author: Ron Pope (@RonPopeMusic)
Sometimes we all need a good pep talk.
This post is more aptly named - "If You Can’t Find A Sledgehammer, Use A Chisel" as that's essentially our business model as independents in the music industry.
Think about your favorite global pop star. When that artist drops a new record, everyone on the planet knows about it; it’s inescapable. The new single by such and such pop singer is on the radio constantly, you see him on TV talking to Ellen/Kimmel/Elmo, he’s on billboards, he’s on the cover of a magazine seductively holding a large guinea pig, every online publication worth its salt has a feature that talks about his childhood/eating habits/ceramic turtle collection. They’re everywhere!
As an independent artist, I’m sure you’ve come to realize, that kind of global major media saturation probably isn’t going to happen for you on your own.
I’m fifteen years into my recording career and we spend a tidy sum promoting my albums and work with a bunch of incredibly hard working, ultra-talented people but I’m certainly not everywhere when my records drop. The major players in the industry use the sledgehammer approach; it’s big, it’s heavy, and it makes a great big dent. Since you don’t have access to that, you can’t make a big hole all at once, you’ll need to pick away at it a little bit at a time. We call that the chisel approach.
When you’re starting out, you probably don’t have a big time publicist or a powerful radio promoter in your corner. Start to get press by finding someone to write about you; maybe it’s a college newspaper near where you live. Look for a small, independent radio station in your area and reach out. It should be easier to build some kind of hometown love than it is to promote your music on a global scale right out of the gate. Book yourself some shows close to home and sell them out. Get your cousins and all their friends to come out; don’t be afraid to call in favors “Stevie, I bailed you out; come see my band or next time I’m leaving you there overnight!” If you can start a little buzz in your immediate vicinity, you can then attempt to gradually spread it outward from there. The same is true for promoting your music online; you’re probably not going to get write-ups from the biggest publications in the world right away, so look for smaller outlets that seem interested in the kind of music you’re creating. Start small and build from there. You’ll probably struggle to get added to Spotify playlists with three million subscribers, but perhaps there’s a smaller independent playlist that is excited about being a driver of discovery. Find people who are in the business of helping new artists and talk to them.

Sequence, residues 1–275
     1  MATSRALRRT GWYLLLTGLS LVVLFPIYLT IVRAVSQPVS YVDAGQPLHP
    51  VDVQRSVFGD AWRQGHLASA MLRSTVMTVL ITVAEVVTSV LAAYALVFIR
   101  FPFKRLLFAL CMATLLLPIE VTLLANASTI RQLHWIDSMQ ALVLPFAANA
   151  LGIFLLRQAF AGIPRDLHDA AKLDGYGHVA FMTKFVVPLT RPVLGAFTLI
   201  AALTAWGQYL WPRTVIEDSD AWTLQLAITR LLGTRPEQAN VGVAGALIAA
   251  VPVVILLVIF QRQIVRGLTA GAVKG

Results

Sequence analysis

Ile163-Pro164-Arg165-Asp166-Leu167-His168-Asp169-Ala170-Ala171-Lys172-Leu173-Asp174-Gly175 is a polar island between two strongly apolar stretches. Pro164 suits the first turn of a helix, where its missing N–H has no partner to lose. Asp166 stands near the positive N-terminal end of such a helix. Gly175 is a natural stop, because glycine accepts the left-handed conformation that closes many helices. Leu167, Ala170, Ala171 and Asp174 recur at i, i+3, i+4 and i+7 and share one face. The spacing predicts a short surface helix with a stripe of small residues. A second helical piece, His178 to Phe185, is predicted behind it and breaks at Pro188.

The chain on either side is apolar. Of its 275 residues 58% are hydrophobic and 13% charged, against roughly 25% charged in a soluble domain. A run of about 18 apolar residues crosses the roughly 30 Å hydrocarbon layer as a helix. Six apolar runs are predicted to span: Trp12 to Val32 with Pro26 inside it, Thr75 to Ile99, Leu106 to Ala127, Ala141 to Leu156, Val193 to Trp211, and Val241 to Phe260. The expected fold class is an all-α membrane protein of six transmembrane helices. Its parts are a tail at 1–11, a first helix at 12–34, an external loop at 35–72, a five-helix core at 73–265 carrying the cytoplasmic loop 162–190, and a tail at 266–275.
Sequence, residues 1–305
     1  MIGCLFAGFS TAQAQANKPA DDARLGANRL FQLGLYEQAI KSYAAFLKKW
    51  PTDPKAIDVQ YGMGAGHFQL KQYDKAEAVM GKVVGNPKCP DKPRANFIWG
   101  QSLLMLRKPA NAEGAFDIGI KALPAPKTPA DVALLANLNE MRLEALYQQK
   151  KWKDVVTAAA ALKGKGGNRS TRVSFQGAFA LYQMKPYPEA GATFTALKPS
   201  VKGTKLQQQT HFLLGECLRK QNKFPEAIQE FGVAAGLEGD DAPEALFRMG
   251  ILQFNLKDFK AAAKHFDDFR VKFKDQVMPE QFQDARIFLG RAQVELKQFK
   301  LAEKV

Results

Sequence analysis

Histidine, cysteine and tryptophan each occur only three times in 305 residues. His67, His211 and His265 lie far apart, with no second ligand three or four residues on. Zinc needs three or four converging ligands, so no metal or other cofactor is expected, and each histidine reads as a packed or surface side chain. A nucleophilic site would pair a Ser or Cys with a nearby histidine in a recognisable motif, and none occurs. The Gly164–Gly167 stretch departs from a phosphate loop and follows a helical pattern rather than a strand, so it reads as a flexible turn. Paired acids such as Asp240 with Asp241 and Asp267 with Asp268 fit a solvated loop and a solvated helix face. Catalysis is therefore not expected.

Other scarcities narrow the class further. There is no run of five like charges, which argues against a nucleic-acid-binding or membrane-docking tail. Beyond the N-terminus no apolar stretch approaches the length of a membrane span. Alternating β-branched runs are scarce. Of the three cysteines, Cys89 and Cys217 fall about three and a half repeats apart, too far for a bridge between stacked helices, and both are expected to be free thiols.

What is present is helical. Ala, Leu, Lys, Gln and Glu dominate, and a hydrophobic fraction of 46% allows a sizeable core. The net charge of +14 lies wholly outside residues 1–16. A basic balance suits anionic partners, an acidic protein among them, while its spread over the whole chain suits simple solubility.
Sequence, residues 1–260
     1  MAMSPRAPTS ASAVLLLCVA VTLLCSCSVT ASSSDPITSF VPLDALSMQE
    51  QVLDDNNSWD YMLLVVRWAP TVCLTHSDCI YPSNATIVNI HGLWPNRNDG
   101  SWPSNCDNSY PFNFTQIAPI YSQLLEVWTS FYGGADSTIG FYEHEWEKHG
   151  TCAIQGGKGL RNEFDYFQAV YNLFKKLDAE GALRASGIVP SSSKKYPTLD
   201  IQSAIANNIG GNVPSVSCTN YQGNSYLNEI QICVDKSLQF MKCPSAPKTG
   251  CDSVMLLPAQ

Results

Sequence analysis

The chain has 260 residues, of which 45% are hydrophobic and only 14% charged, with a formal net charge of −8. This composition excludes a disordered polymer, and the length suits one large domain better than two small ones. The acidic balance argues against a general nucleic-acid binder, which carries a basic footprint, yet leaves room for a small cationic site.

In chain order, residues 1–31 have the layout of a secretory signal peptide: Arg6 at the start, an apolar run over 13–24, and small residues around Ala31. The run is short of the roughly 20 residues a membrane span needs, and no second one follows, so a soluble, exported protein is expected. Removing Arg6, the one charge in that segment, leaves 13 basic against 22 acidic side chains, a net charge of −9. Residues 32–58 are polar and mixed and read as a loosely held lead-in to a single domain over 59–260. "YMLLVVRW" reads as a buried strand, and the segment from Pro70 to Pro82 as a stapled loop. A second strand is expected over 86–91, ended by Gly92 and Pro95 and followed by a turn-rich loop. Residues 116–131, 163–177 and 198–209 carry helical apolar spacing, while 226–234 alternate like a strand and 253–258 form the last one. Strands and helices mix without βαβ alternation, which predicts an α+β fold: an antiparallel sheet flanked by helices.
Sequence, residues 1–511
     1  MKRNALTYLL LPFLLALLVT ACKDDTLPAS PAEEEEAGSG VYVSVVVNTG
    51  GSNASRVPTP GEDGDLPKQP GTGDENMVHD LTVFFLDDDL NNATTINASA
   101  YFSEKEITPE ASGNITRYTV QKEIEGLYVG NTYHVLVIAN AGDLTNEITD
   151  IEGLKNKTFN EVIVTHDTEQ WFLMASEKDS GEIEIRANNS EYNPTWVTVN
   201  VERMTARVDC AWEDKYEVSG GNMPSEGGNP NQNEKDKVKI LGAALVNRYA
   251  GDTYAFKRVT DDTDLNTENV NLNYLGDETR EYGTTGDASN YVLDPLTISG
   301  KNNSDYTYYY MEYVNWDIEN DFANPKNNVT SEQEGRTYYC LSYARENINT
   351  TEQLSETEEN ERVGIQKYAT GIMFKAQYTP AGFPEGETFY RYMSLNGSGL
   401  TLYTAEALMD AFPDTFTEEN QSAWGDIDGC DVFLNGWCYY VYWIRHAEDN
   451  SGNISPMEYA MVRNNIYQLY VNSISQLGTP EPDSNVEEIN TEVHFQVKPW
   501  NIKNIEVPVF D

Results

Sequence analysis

I know that all of this sounds incredibly daunting. The world is very large, but that’s why it’s best to start close to home. Focus on making a dent little by little, rather than allowing yourself to get despondent because you don’t have a sledgehammer to make a giant hole all at once. It may take you longer to do it on your own, but given time and effort, you can still make a big dent.